Consumer Reports Index Finds New Job Starts Are At Their Lowest Level In The Past Nine Months
Retail outlook suffers as less optimistic consumers see increased financial woes
YONKERS, N.Y., June 12, 2012 /PRNewswire-USNewswire/ -- The Consumer Reports Index's employment measure dropped back into negative territory this month largely due to a continued decline in the percentage of new job starts in the past 30 days.
The Index's employment measure, which compares the percentages of Americans that reported starting a new job with those that reported losing a job in the past 30-days, slipped to 49.7 from 50.5 last month. When the measure drops below 50 it is an indication that more Americans are losing jobs than they are starting.
While job loss numbers increased only slightly (from 4.4 to 4.6 percent), job starts registered a sharp decline. For the second straight month, the number of Americans that started a new job (4.0 percent) dropped and has fallen to its lowest level in the past nine months.
The Consumer Reports Index's June results also show that retail spending is struggling. The Index's past 30-day retail measure has extended its fall to a fifth straight month. The measure now stands at its lowest level since Consumer Reports first measured it in April 2009 — falling to 8.9 from 10.6 percent last month, and from 12.0 percent last year at this time. Planned consumer purchasing over the next 30 days (7.0 percent), reflecting June activity, was also down from the prior month (8.3 percent) as well as a year ago (9.0 percent).
"When more than half of Americans are facing a substantial uphill climb, it would be hard to see a boost to confidence in the near team without substantial improvements in employment levels," said Ed Farrell , director of Consumer Insight at the Consumer Reports National Research Center.
The Consumer Reports Index's Trouble Tracker increased this month to 46.5 from 44.8 in May, indicating a rise in the financial difficulties consumers are facing. While the increase in financial troubles appears minor overall, the experience of those in households earning less than $50,000 points to a severely worsening situation. The Trouble Tracker for that group rose to 70.4 from 57.7 a month earlier. The disparity among economic classes deepened. Financial woes among lower-income households (70.4) are nearly three times as high as households earning $100,000 or more (23.6).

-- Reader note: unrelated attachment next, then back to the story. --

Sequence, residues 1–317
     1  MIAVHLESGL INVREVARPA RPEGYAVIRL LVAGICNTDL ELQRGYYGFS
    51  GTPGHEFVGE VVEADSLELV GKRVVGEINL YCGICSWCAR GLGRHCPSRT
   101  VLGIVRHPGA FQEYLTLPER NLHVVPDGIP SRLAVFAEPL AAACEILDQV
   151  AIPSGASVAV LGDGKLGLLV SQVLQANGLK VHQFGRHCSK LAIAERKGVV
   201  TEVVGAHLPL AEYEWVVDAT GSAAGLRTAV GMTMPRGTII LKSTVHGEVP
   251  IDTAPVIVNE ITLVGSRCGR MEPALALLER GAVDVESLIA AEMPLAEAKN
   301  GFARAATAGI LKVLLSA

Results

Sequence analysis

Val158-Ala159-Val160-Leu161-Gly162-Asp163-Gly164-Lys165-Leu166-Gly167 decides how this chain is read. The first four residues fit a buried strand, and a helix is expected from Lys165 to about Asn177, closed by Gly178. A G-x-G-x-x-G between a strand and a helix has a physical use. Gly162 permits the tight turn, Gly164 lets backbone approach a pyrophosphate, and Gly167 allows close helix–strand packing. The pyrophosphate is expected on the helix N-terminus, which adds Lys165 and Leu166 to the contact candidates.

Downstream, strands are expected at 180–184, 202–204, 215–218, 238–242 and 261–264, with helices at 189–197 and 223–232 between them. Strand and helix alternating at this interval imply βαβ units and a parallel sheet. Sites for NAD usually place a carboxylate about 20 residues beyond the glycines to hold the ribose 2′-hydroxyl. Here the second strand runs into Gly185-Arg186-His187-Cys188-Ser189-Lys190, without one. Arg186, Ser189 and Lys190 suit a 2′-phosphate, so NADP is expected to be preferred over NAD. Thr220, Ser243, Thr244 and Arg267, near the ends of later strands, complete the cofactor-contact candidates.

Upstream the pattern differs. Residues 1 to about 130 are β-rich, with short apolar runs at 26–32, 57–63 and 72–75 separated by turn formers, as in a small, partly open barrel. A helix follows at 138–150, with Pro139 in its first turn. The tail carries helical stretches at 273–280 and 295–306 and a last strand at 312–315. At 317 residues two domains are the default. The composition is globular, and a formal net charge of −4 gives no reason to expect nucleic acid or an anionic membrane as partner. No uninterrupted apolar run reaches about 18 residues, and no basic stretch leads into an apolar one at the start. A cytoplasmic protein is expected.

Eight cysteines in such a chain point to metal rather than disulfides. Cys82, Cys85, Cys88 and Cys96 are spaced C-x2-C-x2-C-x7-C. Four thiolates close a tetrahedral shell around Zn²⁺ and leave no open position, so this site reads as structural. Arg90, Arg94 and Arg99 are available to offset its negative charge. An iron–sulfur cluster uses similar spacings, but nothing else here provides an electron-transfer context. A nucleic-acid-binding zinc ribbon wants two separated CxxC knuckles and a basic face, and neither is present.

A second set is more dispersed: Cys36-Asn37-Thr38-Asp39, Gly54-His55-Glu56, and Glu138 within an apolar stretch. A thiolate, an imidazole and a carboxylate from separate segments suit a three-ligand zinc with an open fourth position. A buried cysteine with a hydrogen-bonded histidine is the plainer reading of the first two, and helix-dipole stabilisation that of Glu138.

"These trends suggest that consumers may continue to pull back their spending habits due to the uncertainty they have about the direction of the economy," Farrell said.
Overall consumer sentiment dropped this month to 47.5 from 50.6 a month earlier. The decline in sentiment was greatest among those in households earning $100,000 or more. While sentiment among these more-affluent households is still in positive territory at 56.6, it is down from 63.0 the prior month. Among lower-income households, those earning less than $50,000, sentiment (45.4) remains mired in negative territory (below 50) and is off slightly from 46.7 in May.
The Consumer Reports Index report, available at ConsumerReports.org, comprises five key measures: the Sentiment Index, the Trouble Tracker Index, the Stress Index, the Retail Index and the Employment Index.
The Consumer Reports Index, conducted by the Consumer Reports National Research Center, is a monthly telephone and cell phone poll of a nationally representative probability sample of American adults. A total of 1,023 interviews were completed (773 telephone and 250 cell phone) among adults aged 18+. Interviewing took place between May 31 and June 3. The margin of error is +/- 3.2 percentage points at a 95% confidence level. The complete index report, methodology and tabular information are available. Contact: C. Matt Fields 914-378-2454 or email@example.com.
The material above is intended for legitimate news entities only; it may not be used for advertising or promotional purposes. Consumer Reports® is an expert, independent nonprofit organization whose mission is to work for a fair, just, and safe marketplace for all consumers and to empower consumers to protect themselves. We accept no advertising and pay for all the products we test. We are not beholden to any commercial interest. Our income is derived from the sale of Consumer Reports®, ConsumerReports.org® and our other publications and information products, services, fees, and noncommercial contributions and grants. Our Ratings and reports are intended solely for the use of our readers. Neither the Ratings nor the reports may be used in advertising or for any other commercial purpose without our permission. Consumer Reports will take all steps open to it to prevent commercial use of its materials, its name, or the name of Consumer Reports®.
SOURCE Consumer Reports
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